Even in the beginning stages of novel, Voltaire does all he can to make it apparent that Pangloss and his optimism, and likewise, his absurdity, is spoon feed ideology for those too foolish to question the world. The most encapsulating moment for this, what is the entire theme conveyed in the book, occurs when at a dinner, Pangloss is prattling on about how "everything is for the best" even when whats happening is the worst and halfway through a sentence, "the Inquisitor [beckons to his attendant to help him to a glass of port wine" (27) basically waving away Pangloss as ridiculous. Take this instance and compare to most any other up to this point and you will have a nice summation of what Voltaire's trying to achieve. He makes Pangloss and his still naive follower, Candide, look like this over and over, like bumbling idiots with their idealism equaling to stupidity to the point where people just wave it away with an eye roll and more wine, not so much to just be comical, but to point out how incredibly insolent one must be to accept so blindly optimistic belief. Therefore, Voltaire is able to criticize leibnitzian theology in a sly and pompous way, under the guide of comedy, which also marks Candide as a satire.
Thank you for posting, Madelyn. Excellent thoughts. Sorry you have none to add to your discussion. I quite agree, Voltaire satirizes them...without making it obvious. His idiocy--is truly brilliance.
I think this is an excellent example of Voltaire's criticism of the "all things for the best." He makes it so nonsensical, like when James drowns and Pangloss tells Candide that the coast of Lisbon was created in order for him to drown there. Voltaire conveys that they are no more than "bumbling idiots," as you say, perfectly by making this symbol of judgement condemn them, but also showing how insignificant their words are.
I definitely agree with this, but I think it lasts throughout the entire novel. Almost to the very end, Candide trys to maintain optimism and that happiness is acheivable despite his new philosopher's opinion that it is not. As it is evident that Candide is not too bright, I think that really adds to Voltaire's satire of optimism.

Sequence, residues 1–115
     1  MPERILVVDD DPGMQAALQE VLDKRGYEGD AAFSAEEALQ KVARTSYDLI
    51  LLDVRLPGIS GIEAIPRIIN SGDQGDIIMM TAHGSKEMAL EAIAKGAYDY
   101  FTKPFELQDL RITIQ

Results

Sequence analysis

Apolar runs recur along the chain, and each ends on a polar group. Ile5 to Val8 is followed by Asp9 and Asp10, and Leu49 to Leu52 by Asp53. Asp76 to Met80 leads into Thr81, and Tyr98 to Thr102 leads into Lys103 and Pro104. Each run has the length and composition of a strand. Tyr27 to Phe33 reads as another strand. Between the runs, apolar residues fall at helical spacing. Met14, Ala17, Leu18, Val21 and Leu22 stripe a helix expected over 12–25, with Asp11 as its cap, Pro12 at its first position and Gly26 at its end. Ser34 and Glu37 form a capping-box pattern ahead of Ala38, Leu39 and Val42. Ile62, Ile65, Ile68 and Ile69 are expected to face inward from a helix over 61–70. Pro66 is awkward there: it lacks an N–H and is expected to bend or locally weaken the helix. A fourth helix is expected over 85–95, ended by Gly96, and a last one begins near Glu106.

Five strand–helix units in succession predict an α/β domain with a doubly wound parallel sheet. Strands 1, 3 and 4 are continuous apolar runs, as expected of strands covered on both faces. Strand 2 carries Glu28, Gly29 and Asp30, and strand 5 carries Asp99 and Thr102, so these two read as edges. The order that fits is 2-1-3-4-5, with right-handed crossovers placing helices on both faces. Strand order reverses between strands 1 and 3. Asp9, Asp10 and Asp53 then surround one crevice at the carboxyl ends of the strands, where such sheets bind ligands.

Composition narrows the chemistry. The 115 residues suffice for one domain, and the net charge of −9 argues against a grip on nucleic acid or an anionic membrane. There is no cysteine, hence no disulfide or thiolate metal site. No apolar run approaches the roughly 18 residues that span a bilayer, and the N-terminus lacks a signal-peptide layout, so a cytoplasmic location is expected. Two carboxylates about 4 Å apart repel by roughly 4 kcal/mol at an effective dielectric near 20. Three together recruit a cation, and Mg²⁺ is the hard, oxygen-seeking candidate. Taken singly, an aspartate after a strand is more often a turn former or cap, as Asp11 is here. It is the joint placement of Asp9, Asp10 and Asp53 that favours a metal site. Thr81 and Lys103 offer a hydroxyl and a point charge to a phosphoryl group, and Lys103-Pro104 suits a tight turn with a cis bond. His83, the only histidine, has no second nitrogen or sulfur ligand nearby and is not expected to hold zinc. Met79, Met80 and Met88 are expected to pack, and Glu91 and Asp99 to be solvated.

I know that Voltaire mocks and rejects the "everything is best" doctrine, but I think that the Leibniz's idea is really cool. The idea that everything was created for a specific purpose is true to me. To me, everything does have purpose (except gnats). Maybe he is just very pragmatic, but I disagree with his rejection of that doctrine.
I can't decide if I agree with you or not on this one. Simply because, I can find many reasons to argue that there is purpose to everything, then again, I look at it and see that as shattering any idea of not knowing some things because there's nothing to know...if that makes any sense at all.. Candide has a rare and different way of thinking, therefore causing him to not see things the way he's been taught, but simply as the way he perceives them. (please comment if that makes absolutely no sense)
Voltaire has been notorious so far for not only criticizing the world that he lives in, as in simply some specific disagreements he has about things that occur and affect his life, but a vast majority of the things the mind can ponder. Religion, politics, sexuality, war, disease, philosophy, nobility, natural disasters. And he does so very specifically, singling out specific people, places and things, such as the Russian army, the Inquisition, the slave trade, the Protestants, philosophers. He is obviously very knowledgeable about many subjects and areas, along with the events that occur there. This is shown through Candide's own travels and in those of his other companions such as the old woman and Cunegonde, from Europe to Asia to Africa. At times it seems that his greatest belief is that of mistrust and scorn for all things, since he has made a mockery of most things that humans usually cling to.
I like that you pointed out Voltaire being so knowledgeable about a lot of different subject areas. Anyone who reads this can attest to that, and in a way it reminds me of the judge who could not be satisfied with anything.
Through Candide, Voltaire has succeeded in completely shattering all ideas of stability in the human mind. While he uses a sarcastically convincing tone throughout the novel, Voltaire finds corruption in all aspects of the world and expresses it through continuous irony and satirical references to those of whom he makes a parody of. He uses "the two kings [of whom] were causing "Te Deum"" (page 17) to refer to the custom of warring nations to invoke the blessing of the Almighty and to ask Him for victory. This, being Voltaire's way of mocking the idea of God's participation of world affairs through his way of life as a deist.
The funniest part in the whole novel was the fact that Candide was a carbon copy of Forrest Gump! He was an idiot, but was able to pick up on many things and learn them quickly. he always tried to do the right thing, even if it would have been better for him to just take the easy way out, like when he was in El Dorado.
That's a really good way to describe it. He went trough life not trying to do anything but find love, and was able to accomplish many great things without trying to and after he achieved them, didn't care.
I thought it was very interesting how after Candide found out any news or discovered something, he would always faint. In a way breaking the stereotype that men are always stron and can endure anything. And Pangloss never died, in the same way that philosophies never die. Also after Candide searched so long for C (his love), he discovered that old age and labor has lesseened her outer appearances, thus defeating his original motives for searching for love. Proving that love is not soley based on the heart.
HulseyTCHS 12th AP Lit